Seven years later, she’d earned a PhD from UNC Chapel Hill, studying duetting in Carolina wrens. She was offered a January Term teaching position at Elon, a liberal arts school near Chapel Hill.
“It was the combination of learning things in the field that you love, and then being able to create fun things for the students. That’s what got me to knowing that teaching is fun for me.”
Fitting a course like Current Topics in Biology into a three-week course forced a creative mindset, she said, because there just isn’t time for the traditional regular semester format. The folks at Elon were all innovative teachers, so they encouraged that. She loved every minute of it.
“And I started my time here in Kodiak by going to the Annual National Summer Institute on Learning Communities at Evergreen State College in Washington with the whole Kodiak College faculty. I was hired in May and we all went in June, before I’d even moved here,” she said. “At the start of my career, I got inspired by all these early experiences that encouraged me to try and do fun and different things to make it better for students.”
Another of Cindy’s strengths is in finding ways to incorporate relevant, relatable material into her classes in hands-on ways. For instance, students might test local clams for PSP in microbiology, or compare weather conditions and variability using a series of remote environmental learning stations around the island for environmental science. She also excels at using technology and teaching online. Her sabbatical in 2016 included workshops and classes in photoshop, digital storytelling and video editing to incorporate into future courses.
“I like taking technology, thinking about how you can best use it, and using it effectively,” she says.
The app she uses most on her phone is Ebird. “Or my To Do list. Or the weather app.”
A book she recommends is “The Song of the Dodo, because it teaches you about extinction and about island biogeography. If you want to read something in science, and enjoy it, then any book by David Quammen. If you’re reading for fun, then The Outlander series.”
The birds in her binoculars were once duetting mustached wrens in Peru. Now she might set up a scope to see species along Kodiak’s road system, like the Northern Hawk Owl that she once searched for around Boyscout Lake, only to spot it perched on a road sign on the way home. She’ll likely add to her birding life list this summer, when she and her husband Mike plan to drive across Canada to New Hampshire, where Cindy grew up. They also have travel dreams of watching the 2023 World Cup in Australia and New Zealand. Or of traveling back to the Burgundy region of France.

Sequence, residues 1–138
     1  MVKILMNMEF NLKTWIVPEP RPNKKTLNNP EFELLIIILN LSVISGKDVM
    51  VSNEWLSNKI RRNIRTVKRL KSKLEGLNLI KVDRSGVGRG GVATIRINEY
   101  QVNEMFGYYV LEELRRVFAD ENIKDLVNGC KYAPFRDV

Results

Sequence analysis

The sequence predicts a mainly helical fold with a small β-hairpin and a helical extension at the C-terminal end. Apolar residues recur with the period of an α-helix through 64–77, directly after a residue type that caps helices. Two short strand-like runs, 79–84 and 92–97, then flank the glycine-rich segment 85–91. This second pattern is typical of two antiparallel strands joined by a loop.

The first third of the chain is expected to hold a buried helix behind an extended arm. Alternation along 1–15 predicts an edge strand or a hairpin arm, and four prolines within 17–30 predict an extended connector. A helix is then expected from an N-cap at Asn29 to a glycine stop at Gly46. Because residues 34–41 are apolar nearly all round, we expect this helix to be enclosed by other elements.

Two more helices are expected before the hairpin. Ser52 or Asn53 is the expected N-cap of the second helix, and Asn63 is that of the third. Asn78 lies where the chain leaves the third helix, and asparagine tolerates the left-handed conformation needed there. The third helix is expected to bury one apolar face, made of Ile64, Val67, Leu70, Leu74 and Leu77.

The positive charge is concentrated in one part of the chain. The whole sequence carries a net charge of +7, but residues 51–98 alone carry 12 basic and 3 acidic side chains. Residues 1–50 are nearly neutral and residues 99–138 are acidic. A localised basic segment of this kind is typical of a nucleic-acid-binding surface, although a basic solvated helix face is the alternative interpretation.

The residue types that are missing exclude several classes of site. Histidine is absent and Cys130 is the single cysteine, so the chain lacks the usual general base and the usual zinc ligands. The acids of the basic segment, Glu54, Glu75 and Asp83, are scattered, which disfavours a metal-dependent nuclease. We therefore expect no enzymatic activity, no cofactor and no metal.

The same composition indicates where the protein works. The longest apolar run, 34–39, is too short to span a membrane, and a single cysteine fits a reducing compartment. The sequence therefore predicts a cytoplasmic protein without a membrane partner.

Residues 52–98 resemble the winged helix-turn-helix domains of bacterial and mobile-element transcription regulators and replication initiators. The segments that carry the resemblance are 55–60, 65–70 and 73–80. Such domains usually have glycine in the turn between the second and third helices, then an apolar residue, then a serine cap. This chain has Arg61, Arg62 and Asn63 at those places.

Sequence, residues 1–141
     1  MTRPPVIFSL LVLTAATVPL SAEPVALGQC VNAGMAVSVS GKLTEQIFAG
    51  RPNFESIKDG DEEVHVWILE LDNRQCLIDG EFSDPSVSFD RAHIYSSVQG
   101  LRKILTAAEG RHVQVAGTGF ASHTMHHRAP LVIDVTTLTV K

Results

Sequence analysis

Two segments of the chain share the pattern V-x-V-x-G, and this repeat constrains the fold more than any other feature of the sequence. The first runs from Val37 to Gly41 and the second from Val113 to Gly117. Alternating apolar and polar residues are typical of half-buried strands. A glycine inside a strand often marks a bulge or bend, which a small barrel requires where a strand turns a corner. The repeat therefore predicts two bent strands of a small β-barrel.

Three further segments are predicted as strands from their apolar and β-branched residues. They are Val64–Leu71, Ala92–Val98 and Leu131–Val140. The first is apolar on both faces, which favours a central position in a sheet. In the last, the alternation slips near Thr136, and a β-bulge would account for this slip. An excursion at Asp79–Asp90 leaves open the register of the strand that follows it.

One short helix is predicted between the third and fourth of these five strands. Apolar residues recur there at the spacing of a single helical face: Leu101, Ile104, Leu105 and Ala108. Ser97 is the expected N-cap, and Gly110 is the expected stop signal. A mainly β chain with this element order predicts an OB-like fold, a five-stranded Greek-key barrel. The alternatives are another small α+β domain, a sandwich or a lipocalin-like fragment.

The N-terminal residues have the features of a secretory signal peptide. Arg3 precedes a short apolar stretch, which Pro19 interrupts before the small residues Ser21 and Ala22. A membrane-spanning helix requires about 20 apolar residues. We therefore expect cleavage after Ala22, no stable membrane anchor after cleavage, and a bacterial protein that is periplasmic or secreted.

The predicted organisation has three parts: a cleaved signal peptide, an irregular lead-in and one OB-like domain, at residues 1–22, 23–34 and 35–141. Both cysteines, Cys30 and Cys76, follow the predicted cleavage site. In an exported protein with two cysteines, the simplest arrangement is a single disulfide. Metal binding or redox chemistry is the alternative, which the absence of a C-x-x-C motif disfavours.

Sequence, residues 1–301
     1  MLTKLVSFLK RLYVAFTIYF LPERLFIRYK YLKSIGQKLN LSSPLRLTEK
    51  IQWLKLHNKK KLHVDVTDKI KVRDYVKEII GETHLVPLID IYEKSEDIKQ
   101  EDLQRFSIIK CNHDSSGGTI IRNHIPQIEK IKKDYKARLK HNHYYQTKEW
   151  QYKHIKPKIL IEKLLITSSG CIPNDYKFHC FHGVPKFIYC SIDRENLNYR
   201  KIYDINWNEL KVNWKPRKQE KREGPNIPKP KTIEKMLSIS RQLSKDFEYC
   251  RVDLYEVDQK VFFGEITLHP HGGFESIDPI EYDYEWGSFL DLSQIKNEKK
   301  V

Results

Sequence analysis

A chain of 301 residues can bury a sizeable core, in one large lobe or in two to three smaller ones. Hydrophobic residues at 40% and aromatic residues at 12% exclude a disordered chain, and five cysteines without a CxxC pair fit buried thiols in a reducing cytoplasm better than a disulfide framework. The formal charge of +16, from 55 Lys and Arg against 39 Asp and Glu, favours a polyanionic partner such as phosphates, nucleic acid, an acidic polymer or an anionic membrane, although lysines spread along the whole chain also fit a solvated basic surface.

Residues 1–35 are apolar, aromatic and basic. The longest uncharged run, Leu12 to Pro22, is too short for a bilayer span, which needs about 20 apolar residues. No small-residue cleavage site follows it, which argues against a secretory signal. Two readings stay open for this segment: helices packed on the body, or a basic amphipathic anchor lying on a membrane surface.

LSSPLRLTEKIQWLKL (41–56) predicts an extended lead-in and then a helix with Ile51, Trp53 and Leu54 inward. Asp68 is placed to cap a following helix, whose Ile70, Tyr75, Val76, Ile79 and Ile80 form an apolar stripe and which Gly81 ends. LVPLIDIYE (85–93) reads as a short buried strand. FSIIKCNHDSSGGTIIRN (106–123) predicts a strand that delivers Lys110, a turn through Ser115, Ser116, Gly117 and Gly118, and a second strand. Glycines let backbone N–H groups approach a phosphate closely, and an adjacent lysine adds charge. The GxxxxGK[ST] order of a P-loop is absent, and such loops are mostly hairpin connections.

That makes the Trussells sound like vagabonds, but they did just fine being homebound through the Covid-19 shutdown—reading, cooking, quilting, knitting, working on puzzles by a blazing woodstove.
Cindy and Mike both work at Kodiak College. Luckily, she says, “We genuinely like each other. We spend a lot of time together. We also spend time apart. We’re not necessarily interested in the same things, but when we’re both home at the end of the day we absolutely talk, either current events or that sort of stuff, or about work. It’s lovely. Or sometimes you get to argue, and that’s really fun too.”
Something you might not have guessed about Cindy, (she’s one of the smiliest people I know), is that she’s actually quite competitive. She’s in a continual cribbage battle with her mom online, and when Cindy brought her puppy Gertie home last summer, she laughs that she lost every game because she was so tired and distracted. Her mom was up 16 games to 2. But as of Christmas break, Cindy was only two games away from an even number of wins for 2021.
She even started a distance baking challenge with her family during the pandemic, beginning with yule logs and continuing each month over Zoom, with a winner decided on by taste testers and a rubric (designed by Cindy). Her favorite challenge was learning to laminate dough for danishes in February, (even though she failed at it when she accidentally doubled the butter in the recipe), because she learned a skill that she wouldn’t have otherwise taken the time for. That spirit of curiosity and a genuine love for learning—about her students, about developments in the science field, or about new technology—is a big part of what makes Cindy such an inspiring professor.